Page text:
The mechanism also includes a link Q having a frame end 72 and a common end 74 and a link R having a rail end 78 and a common end 80. In the illustrated embodiment links Q and R are each divided into a head end portion QHEAD, RHEAD and a foot end portion QFOOT, RFOOT longitudinally spaced apart from the head end portion. Link P is longitudinally between the head end portions QHEAD, RHEAD and the foot end portions QFOOT, RFOOT. The frame end 72 of link Q is pivotably connected to the frame at a joint QF. The rail end 78 of link R is pivotably connected to the rail at a joint RR. The common ends 74, 80 of the links Q and R are pivotably connected to each other at a joint A which includes rod 60. Joint A is constrained to move along a trajectory substantially parallel to whichever of the reaction surfaces 64 or 66 is present. In the illustrated embodiment rod 60 of joint A fits snugly in the slot 68. As a result, joint A is constrained to move along the slot, i.e. in a direction substantially parallel to the two reaction surfaces 64, 66.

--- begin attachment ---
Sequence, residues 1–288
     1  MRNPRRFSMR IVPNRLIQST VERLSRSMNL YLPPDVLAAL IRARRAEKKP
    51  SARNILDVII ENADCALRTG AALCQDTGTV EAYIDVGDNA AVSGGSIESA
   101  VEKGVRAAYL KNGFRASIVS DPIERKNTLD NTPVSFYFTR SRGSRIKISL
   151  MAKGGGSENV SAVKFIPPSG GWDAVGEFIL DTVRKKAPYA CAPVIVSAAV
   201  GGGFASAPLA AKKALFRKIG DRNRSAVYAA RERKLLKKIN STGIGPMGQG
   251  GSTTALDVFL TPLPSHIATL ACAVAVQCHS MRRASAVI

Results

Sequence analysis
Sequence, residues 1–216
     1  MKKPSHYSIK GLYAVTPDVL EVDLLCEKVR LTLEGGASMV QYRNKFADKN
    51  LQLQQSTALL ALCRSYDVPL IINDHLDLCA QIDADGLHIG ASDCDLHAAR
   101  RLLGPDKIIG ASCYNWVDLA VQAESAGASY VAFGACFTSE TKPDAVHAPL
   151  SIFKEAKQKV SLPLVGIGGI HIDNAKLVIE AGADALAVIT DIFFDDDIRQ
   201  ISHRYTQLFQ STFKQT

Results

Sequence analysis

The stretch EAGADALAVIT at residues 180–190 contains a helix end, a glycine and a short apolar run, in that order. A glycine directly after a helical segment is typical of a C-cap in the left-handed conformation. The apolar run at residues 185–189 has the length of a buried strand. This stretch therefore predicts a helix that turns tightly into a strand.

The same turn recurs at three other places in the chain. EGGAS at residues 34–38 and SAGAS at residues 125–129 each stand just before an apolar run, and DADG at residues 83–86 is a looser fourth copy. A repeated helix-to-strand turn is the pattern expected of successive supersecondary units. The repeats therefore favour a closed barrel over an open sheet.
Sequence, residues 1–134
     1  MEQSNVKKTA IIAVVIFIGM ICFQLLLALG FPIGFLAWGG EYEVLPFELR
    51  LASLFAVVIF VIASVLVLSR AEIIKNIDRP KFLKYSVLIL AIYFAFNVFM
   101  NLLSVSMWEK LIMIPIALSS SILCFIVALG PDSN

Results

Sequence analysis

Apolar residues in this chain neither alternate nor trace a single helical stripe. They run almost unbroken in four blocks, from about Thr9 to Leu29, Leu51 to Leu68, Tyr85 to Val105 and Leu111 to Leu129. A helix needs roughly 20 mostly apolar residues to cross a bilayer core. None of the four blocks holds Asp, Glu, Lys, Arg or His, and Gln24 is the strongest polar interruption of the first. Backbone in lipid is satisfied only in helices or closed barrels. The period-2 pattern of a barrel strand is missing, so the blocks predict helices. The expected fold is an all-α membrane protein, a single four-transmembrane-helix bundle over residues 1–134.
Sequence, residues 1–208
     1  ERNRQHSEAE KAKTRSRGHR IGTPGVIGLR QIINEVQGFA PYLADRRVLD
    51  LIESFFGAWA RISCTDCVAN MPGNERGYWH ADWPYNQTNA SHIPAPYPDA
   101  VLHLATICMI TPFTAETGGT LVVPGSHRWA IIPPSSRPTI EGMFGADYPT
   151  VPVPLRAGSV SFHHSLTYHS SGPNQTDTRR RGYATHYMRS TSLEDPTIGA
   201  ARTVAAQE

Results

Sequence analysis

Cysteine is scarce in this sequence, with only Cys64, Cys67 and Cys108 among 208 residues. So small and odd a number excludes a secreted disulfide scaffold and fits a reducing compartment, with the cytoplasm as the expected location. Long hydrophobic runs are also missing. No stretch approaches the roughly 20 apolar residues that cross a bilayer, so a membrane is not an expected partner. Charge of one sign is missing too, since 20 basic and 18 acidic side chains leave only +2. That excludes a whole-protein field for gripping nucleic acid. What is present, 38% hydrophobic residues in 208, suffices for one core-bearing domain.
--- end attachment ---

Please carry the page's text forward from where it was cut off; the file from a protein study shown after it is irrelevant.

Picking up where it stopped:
FIGS. 3-6 show the moveability of the rail relative to the frame. The rail is moveable through a range of motion that includes its deployed position (FIGS. 3-4) a first intermediate position (FIG. 5), a second intermediate position (FIG. 6) and its stowed position (not shown in the sequence of views of FIGS. 3-6). FIGS. 7-10 also show the movebility of the rail through a range of positions including its deployed position (FIG. 7) a first intermediate position (FIG. 8) a second intermediate position (FIG. 9) and its stowed position (FIG. 10). The intermediate positions of FIGS. 5 and 6 do not necessarily correspond to the intermediate positions of FIGS. 8 and 9. The rail is latchable only at its deployed position so that the rail can be moved from the deployed position only after the latch has been released. At all other positions the rail is always in an unlatched state and can be moved without the need to first release a latch. The orientation of the reaction surfaces 64, 66 is such that lower reaction surface 66 resists any tendency of rail 50 to rock toward the occupant side of the bed and upper reaction surface 64 resists any tendency of rail 50 to rock toward the caregiver side of the bed as indicated by arrows O and C respectively in FIGS. 7-10. Because of the orientation of surfaces 64, 66, any tendency of rail 50 to rock in direction O will be reacted at lower surface 66, resulting in compressive loading on link R. Similarly, any tendency of the rail to rock in direction C will be reacted at upper surface 64, resulting in tensile loading on link R. Each reaction surface and a line 84 between joint RR and joint A are sufficiently nonparallel to each other throughout the range of motion to resist the tendency of the rail to rock in directions O or C. The sufficient nonparallelism constrains, but does not necessarily prohibit, relative movement of joints RR and PR. One specific nonparallel arrangement believed to be effective is one in which the reaction surfaces 64, 66 are more perpendicular than parallel to the line 84 between joints RR and A. Surfaces 64, 66 also help react loads that would otherwise have to be absorbed by the latch, thereby improving the durability of the latch.